Open Accessibility Menu

BCH Earns 'Most Wired' Recognition

Boulder Community Health (BCH) has earned national recognition for utilizing information technology to improve patient care and safety during the coronavirus pandemic.

In early October, the College of Healthcare Information Management Executives (CHIME) announced that BCH earned “Most Wired” designations for both Foothills Hospital and its physician clinics.

A total of 30,135 organizations were represented in the 2020 Digital Health Most Wired program, which scores hospitals and clinics in eight major areas. The surveys assessed the adoption, integration and impact of technologies in healthcare organizations at all stages of development, from early development to industry leading.

“The Most Wired program elevates the medical care and the health of communities around the world by encouraging the optimal use of information technology,” said Michael Jefferies, BCH Vice President and Chief Information Officer.

BCH’s extensive investments in information technology infrastructure, data analytics, telemedicine and talented staff paid dividends when COVID-19 arrived in Boulder County.

“Digital technology has been a driver of innovation in health care for many years now, but never to the degree that we saw in 2020 with the pandemic,” said CHIME President and CEO Russell P. Branzell.

Enhancing the Telemedicine Platform

In response to social distancing and stay-in-place orders at the start of the global pandemic, BCH needed to rapidly adapt its patient care operations to limit patient and staff exposure to the coronavirus.

The BCH IT team had already implemented a telemedicine platform prior to the pandemic. Within days of the first Colorado case of COVD-19, BCH patients were able to continue being treated by their personal physicians through three distinct types of virtual visits – telephone, video and secure email. This setup and technology allowed patients to connect with their doctors from the safety and comfort of their own homes. These virtual appointments also added tremendous convenience for patients with pre-existing conditions, mobility issues and transportation concerns.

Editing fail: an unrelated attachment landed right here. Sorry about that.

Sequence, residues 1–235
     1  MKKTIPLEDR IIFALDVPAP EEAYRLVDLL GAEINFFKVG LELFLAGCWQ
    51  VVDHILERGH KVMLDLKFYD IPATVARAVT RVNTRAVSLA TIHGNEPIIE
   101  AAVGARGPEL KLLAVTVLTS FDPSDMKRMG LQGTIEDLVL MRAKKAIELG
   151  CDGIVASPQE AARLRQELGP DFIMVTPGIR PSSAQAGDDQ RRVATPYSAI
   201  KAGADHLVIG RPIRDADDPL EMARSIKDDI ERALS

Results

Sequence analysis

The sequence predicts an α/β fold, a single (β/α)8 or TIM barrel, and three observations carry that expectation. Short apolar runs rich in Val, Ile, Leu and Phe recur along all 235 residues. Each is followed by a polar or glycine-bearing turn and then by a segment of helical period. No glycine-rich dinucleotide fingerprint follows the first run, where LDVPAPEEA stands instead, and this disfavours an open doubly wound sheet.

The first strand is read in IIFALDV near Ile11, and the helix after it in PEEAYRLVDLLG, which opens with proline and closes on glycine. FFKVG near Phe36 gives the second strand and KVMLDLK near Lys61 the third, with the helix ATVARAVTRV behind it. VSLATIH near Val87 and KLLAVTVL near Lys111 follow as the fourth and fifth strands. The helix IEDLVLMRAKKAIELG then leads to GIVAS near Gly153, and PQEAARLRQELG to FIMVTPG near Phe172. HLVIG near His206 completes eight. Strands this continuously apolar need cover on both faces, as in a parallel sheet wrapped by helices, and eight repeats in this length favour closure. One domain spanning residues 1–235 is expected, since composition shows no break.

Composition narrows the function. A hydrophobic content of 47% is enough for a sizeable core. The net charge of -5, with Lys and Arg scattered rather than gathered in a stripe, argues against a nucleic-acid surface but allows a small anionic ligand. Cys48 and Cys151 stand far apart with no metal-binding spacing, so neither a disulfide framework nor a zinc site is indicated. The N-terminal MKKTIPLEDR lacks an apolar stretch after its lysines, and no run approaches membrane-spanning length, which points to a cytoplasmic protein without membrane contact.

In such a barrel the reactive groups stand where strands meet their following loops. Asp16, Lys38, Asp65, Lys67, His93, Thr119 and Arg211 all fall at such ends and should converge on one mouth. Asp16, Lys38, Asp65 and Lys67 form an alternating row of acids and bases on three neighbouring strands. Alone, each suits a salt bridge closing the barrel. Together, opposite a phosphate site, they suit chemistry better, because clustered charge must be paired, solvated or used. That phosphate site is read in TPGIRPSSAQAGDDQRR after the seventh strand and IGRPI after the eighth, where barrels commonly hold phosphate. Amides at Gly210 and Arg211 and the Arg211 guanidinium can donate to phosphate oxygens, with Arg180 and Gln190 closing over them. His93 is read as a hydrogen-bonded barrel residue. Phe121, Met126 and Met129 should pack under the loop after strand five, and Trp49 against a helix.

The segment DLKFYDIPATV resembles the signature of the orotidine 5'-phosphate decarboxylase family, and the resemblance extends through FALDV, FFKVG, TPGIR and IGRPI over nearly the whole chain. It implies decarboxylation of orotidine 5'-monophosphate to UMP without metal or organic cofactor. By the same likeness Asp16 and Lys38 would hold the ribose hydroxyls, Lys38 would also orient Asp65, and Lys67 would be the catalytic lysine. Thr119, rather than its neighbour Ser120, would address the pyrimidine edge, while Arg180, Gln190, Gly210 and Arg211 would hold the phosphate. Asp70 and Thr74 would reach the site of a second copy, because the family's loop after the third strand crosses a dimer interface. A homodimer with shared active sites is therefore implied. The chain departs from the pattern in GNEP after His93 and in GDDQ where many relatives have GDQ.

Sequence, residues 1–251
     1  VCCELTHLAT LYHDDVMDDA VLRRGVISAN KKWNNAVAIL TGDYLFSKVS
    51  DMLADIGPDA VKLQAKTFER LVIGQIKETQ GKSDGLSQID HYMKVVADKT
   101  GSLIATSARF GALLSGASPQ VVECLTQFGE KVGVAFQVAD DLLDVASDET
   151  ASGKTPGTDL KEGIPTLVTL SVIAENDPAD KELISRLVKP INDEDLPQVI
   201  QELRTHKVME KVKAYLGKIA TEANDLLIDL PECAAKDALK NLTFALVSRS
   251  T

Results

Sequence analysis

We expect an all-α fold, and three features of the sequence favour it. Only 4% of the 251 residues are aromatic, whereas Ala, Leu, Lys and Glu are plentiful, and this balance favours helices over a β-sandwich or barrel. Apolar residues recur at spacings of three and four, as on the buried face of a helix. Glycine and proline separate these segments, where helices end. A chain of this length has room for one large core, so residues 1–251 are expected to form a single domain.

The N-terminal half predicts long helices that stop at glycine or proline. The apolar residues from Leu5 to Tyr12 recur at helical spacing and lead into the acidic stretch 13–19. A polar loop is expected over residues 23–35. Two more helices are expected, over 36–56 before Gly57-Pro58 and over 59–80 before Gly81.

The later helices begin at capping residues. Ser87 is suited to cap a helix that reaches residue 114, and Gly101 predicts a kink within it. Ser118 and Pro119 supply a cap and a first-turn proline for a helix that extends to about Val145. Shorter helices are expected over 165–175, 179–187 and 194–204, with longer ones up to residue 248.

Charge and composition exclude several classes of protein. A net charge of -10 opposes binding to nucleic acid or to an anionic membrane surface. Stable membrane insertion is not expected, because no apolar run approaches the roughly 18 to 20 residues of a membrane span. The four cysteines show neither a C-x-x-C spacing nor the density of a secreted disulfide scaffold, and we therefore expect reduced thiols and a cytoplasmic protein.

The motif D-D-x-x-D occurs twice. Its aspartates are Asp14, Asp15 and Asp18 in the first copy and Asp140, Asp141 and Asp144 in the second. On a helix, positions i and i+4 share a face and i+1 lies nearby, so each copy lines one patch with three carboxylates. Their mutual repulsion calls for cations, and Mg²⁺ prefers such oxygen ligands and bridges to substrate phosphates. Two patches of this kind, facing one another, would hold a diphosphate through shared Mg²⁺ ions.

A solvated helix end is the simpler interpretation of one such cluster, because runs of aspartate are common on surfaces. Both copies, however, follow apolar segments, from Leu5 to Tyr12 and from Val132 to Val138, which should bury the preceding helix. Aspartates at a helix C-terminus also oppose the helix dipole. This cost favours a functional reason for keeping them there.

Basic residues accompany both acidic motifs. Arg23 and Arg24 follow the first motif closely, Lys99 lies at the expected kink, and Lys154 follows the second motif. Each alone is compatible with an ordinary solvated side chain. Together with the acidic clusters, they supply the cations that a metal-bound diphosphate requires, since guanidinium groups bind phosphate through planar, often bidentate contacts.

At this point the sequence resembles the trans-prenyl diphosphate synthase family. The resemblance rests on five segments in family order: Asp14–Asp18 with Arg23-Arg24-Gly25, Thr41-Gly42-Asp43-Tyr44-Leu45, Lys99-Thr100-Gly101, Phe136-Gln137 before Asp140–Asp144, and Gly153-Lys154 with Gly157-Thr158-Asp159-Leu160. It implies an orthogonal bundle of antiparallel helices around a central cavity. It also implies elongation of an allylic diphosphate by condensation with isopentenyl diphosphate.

“Our ability to rapidly deploy and scale a wide range of telehealth services during the COVID-19 pandemic ensured that our community was able to maintain critical relationships with their primary care providers and specialists,” noted Dr. Robert Vissers, BCH President and Chief Executive Officer.

Using IT to Monitor PPE Supplies

BCH also used its extensive IT system to constantly monitor its stockpiles of vital personal protective equipment (PPE) like masks and gowns.

“The ability to rapidly identify in real time how many patients were in the hospital, what equipment was being used and the consumption rate of PPE against our supply was critical to our ability to stay ahead of the COVID crisis in our community,” recalled Dr. Paul Hinchey, Vice President and Chief Strategy Officer for BCH.

Battling Antibiotic Resistance with Data

Additionally, the Most Wired awards reflect BCH’s success in areas beyond pandemic response, including its efforts to battle antibiotic resistance. This growing public health concern occurs when germs, like bacteria and fungi, develop the ability to defeat the drugs designed to kill them. In most cases, antibiotic-resistant infections require longer hospital stays and additional follow-up doctor visits.

The BCH IT team partnered with hospital pharmacists, infectious disease specialists and hospital medicine physicians to study the use of the antibiotic ertapenem at BCH. They culled and analyzed data from the BCH electronic health record and distributed reports that helped physicians improve their use of ertapenem, which is used to prevent and treat a wide variety of bacterial infections.

“BCH is working hard to reduce unnecessary usage of broad-spectrum antibiotics so that they remain effective when absolutely necessary,” said Dr. Ben Keidan, Chief Medical Officer for BCH. “We used data to lower our use of ertapenem, doing our part in the fight to prevent microbial resistance.”